Dealing with M&A for technology companies


Dealing with M&A for technology companies

Successfully selling a technology driven company requires specific attention points, especially considering changing dynamics in the buyer universe, which increasingly includes traditional companies.

Dealing with M&A for technology companies

From 2013 onwards the global M&A market has recovered after some years of lower M&A activity. M&A in TMT industries (Technology, Media & Telecom) has a substantial contribution of approximately a fifth of total transaction volume and outpaced global M&A in 2013-2016 (10.5% versus 7.8% CAGR). Within the TMT industry most transactions occur within the Technology domain, this share increased from around 67% in 2013 to around 71% in 2016.


Global M&A transactions volume

Technology M&A within TMT M&A

Transformational M&A and industry convergence

The increase in the number of technology transactions coincides with changing dynamics in the buy-side. Until recently the majority of acquirers in TMT transactions were industry acquirers, this has however flipped in 2016 in combination with an increase in transformational M&A. An important driver for this phenomenon is the search for growth, where acquiring technology serves this goal in two ways.


Acquirer type in TMT and Technology M&A

First, transformational M&A simply occurs in order to benefit from higher growth expectations in technology driven industries. Secondly, the current economy is characterized by digital transformation, where technology increasingly becomes an integral part of primary business processes. Failing to adapt to these market developments could weaken the competitive position and harm future development.

At the same time transformational M&A is a way for companies to create value outside of the own business or industry. Traditional industry borders are fading (“industry convergence”) which enables businesses to create value in the broader ecosystem. Acquirers are increasingly focusing on realising growth based on industry convergence. Exploring new types of collaboration within these ecosystems provides an opportunity to accelerate innovation, from a consumer as well as from an organisational perspective.

The larger share of non-industry acquirers is also driven by increasing financial sponsor activity. “Today, even the more traditional private equity funds increased their focus towards TMT as return expectations can be more favourable compared to traditional industries (e.g. food, transport, manufacturing), amongst others due to higher growth” states Remco Goes, Director TMT M&A at Deloitte Corporate Finance.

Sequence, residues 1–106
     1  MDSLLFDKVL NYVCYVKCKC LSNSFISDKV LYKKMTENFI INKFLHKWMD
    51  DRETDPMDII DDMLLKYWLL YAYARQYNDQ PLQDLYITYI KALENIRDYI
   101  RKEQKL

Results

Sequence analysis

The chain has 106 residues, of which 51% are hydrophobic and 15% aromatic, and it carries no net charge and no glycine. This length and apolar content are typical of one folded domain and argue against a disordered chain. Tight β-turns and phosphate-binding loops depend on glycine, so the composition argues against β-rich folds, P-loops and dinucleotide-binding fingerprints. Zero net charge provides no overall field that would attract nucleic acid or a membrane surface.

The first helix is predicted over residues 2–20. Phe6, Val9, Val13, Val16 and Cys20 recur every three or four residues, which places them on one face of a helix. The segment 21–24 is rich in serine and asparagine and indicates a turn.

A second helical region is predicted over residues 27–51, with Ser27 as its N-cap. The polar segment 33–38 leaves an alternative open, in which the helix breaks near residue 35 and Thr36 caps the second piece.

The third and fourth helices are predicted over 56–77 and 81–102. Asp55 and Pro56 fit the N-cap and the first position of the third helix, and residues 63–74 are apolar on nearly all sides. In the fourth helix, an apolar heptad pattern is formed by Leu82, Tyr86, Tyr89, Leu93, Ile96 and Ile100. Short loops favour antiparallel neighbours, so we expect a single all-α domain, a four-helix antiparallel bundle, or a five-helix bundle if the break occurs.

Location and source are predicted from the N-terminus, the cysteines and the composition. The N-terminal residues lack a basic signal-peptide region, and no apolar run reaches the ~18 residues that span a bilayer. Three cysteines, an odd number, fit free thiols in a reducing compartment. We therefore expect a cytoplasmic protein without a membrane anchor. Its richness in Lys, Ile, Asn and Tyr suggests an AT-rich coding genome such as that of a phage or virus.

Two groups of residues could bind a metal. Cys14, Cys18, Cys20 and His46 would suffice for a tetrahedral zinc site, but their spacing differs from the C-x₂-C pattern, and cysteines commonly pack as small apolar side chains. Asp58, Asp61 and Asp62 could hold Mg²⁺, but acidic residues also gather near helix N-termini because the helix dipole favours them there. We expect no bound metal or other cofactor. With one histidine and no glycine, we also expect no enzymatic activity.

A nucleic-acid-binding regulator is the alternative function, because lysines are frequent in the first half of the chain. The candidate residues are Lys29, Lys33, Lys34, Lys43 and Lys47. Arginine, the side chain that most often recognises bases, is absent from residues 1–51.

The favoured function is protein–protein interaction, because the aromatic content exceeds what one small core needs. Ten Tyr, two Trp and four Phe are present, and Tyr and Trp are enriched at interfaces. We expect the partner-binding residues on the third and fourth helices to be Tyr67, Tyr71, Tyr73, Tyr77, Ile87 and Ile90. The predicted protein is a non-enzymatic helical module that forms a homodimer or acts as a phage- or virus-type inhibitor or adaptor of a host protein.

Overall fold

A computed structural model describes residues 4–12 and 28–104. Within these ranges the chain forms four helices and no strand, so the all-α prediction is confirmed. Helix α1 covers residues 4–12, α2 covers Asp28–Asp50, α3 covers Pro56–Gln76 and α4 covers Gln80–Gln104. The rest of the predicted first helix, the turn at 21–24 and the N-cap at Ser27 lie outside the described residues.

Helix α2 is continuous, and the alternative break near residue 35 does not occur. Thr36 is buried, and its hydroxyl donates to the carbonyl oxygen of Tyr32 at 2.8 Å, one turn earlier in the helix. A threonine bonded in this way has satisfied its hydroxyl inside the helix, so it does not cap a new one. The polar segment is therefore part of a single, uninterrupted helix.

Key attention points M&A process

Apart from the strategic rationale for engaging in technology M&A, the actual M&A process faces some important aspects in comparison to non-technology M&A transactions.

Identify potential acquirers in the broader ecosystem

Given that the potential acquirer can come from many backgrounds, this requires a more creative approach towards selecting potential acquirers. Besides direct competitors or companies that pursue vertical or horizontal integration, potential acquirers should be identified in the broader ecosystem. Remco Goes: “the shift in backgrounds of acquirers results in different perspectives and approaches and really adds to the dynamics of M&A processes”.

Importance of commercial and technical DD for technology roadmap

In an era of accelerated technological developments, disruptive innovations and unicorns, it is more important than ever before to make the right (technology) acquisition. Lifecycles are shortening and this inherently decreases the odds that today’s leading technology will still be a winner tomorrow. This implies that acquiring technology is no longer just an opportunity, but also comes with greater risk.

In addition to regular financial DD aspects, commercial and technical DD should gain in importance. In order to get a thorough understanding of the technology roadmap, the focus during DD should be amongst others on analysing functionalities, scalability, further development potential, essential organisational capabilities and financing options.

Sufficient target and acquirer interaction

Simultaneously, it is important for selling shareholders to stress the further development potential of the company based on the projected technology roadmap. The valuation of technology companies is rarely based on current profitability levels, but rather on the potential of the (joint) business case.
As such, it is essential to facilitate sufficient target and buyer interaction in order to develop the joint business case. More guidance for acquirers in identifying important value drivers is likely to result in more acceptable valuation estimates. 

Allow for flexibility in structuring

Potential valuation discussions can be mitigated by a more flexible approach towards transaction structuring. Transactions should be structured such that both parties are comfortable with transaction terms. Other than the plain vanilla 100% acquisition, additional options such as partnerships, joint ventures, minority investments and corporate venturing models should be considered.

Consider integration aspects

Besides the potential advantages, the increase in cross-industry transactions could potentially add complexity to the M&A process and post-merger integration. Acquiring and integrating companies with different sales or business models can be a challenge and should therefore be addressed in the early stages of the M&A process.

Authors: Geert Moed
Source: Thomson M&A

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